from one phase to another. This upgrade will effectively double the capacity
of an existing ultrafast measurement facility by enabling both soft and hard
x-ray beams to operate simultaneously. This will allow new research on complex
materials, such as superconductors and other exotic electronic materials,
as well as nanostructures. The upgrade will also enable the study of magnetism
at an ultrafast time scale, which could lead to advances in magnetic storage
technology, such as hard drives.
- $2 million will be spent to equip beam lines with advanced CCD-based detectors
developed at Berkeley Lab to enhance the reach and productivity of our x-ray
facility. These new detectors will allow scientists to do more complex experiments,
get results back much faster, and examine more types of samples than had previously
- $1.5 million will go towards developing a unique superconducting magnet
for an x-ray scattering beam line, allowing experiments that should lead to
novel insights into the structure of engineered magnetic nanostructures and
other materials. Such experiments could lead to breakthroughs in spintronics,
an emerging semiconductor technology based on the magnetic properties of electrons.
When it began operations in 1993, the ALS was one of the first of its generation
of high-brightness synchrotrons, and it has pioneered a number of innovative
technologies, including ultrafast x-ray science and nanoscale studies. Renewal
of the ALS will be enabled not only by the $11.3 million for instrumentation
upgrades, but also by several other Recovery Act allocations.
As part of the first tranche of Recovery Act funding for Berkeley Lab, a number
of construction and infrastructure projects benefiting the Advanced Light Source
are being funded. Building 6, which houses the ALS experiment floor as well
as offices, labs, and conference rooms, has received $1.5 million to replace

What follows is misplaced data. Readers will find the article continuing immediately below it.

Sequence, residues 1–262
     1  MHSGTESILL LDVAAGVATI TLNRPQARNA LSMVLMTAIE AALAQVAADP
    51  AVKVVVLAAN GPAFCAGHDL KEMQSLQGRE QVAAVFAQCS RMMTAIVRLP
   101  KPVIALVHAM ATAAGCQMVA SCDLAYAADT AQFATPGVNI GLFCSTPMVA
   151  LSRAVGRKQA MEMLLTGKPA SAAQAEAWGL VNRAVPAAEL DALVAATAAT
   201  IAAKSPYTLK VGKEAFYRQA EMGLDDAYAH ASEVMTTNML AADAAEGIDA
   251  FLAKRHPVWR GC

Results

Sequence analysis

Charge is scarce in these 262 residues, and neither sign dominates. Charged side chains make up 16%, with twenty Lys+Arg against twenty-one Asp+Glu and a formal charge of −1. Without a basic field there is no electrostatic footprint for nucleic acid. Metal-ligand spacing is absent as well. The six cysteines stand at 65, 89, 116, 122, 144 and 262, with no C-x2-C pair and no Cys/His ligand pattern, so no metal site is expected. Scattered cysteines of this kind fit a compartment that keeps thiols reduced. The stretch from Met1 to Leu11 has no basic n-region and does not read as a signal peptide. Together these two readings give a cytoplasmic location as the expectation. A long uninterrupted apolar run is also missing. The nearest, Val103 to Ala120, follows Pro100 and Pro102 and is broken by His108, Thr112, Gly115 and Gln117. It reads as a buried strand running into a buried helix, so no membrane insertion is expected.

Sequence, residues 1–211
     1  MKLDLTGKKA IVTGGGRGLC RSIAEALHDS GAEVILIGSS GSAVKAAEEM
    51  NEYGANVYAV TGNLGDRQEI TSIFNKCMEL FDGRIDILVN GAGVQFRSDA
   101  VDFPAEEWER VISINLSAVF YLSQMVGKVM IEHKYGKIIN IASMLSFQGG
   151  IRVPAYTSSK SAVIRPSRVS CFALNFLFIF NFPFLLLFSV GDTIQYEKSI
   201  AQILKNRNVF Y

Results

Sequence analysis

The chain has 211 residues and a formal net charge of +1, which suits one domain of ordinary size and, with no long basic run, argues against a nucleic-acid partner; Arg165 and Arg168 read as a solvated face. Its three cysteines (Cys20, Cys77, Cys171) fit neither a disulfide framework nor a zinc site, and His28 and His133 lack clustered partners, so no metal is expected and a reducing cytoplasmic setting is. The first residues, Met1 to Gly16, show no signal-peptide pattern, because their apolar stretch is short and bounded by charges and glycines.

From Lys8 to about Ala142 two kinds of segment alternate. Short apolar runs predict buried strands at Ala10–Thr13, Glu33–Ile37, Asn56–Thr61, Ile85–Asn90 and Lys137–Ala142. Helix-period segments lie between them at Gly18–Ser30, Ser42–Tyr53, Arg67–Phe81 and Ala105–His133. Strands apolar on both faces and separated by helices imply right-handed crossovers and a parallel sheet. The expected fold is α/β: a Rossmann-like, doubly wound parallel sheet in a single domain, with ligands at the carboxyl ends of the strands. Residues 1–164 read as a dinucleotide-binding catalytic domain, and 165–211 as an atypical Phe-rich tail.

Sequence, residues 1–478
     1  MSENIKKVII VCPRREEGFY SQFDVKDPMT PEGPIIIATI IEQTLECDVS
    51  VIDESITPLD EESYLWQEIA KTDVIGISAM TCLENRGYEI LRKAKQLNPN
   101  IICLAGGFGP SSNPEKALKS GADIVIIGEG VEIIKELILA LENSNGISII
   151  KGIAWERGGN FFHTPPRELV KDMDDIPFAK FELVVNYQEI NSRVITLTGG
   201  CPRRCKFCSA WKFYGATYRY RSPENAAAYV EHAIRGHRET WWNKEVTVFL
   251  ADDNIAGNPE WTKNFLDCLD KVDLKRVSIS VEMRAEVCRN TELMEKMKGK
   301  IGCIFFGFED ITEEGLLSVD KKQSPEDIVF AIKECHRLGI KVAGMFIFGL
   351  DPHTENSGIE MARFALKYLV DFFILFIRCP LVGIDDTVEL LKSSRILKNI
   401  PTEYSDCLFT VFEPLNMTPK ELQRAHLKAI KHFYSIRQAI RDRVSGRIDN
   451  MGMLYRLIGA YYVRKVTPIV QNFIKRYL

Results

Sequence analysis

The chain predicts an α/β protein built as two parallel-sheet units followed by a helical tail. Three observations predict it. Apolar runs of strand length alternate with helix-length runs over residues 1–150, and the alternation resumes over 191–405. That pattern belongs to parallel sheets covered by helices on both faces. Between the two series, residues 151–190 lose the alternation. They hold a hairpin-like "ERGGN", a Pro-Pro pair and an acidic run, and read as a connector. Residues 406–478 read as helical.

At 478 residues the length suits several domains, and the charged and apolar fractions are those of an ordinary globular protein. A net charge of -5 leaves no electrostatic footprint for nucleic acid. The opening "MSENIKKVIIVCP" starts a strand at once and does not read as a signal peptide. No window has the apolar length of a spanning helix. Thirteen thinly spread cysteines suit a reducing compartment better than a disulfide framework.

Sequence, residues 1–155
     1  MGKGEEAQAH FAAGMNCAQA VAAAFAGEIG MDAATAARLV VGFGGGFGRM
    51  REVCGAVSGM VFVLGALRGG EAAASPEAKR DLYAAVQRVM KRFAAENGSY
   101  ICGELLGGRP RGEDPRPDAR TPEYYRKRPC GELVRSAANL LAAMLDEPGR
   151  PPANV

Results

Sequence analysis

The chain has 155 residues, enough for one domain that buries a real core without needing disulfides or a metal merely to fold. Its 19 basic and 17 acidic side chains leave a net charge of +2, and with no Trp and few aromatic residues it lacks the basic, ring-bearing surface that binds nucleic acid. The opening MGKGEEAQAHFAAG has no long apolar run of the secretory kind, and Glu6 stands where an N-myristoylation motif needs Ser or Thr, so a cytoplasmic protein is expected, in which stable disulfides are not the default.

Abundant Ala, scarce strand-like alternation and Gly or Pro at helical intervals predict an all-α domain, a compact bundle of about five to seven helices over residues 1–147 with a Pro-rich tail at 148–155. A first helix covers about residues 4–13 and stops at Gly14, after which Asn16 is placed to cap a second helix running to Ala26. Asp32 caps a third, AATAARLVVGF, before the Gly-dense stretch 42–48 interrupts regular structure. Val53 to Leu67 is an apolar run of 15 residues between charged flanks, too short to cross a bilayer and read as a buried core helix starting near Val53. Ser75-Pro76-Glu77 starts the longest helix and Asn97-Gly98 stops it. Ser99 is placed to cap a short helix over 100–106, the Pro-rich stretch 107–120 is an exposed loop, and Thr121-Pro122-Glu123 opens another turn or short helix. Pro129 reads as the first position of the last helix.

three aging air-handling units that had vibration issues, negatively impacting
scientific studies. Building 2, which provides office and laboratory space adjacent
to the ALS, has received $2.9 million for upgrades to its cooling system, necessary
to handle the demands of new equipment. Finally, $14.7 million in Recovery Act
funds will go towards accelerating construction of the new $35-million ALS User
Support Building, which will include office and lab space for about 80 researchers.
"This funding for capital investment will allow us to make much more
efficient use of our operational funding from the Department of Energy,"
said Falcone, who is also Associate Lab Director for Photon Sciences. "We
will be able to serve a larger number of scientists and create new scientific
and technological capabilities. Those capabilities will enable science and technology,
extending from energy research, to advanced microprocessor development using
extreme ultraviolet lithography, to helping pharmaceutical companies unravel
complex protein structures, which is very important to the healthcare industry,
much more quickly. "
Berkeley Lab is a U.S. Department of Energy national laboratory located in
Berkeley, California. It conducts unclassified scientific research and is managed
by the University of California for the DOE Office of Science. Visit our website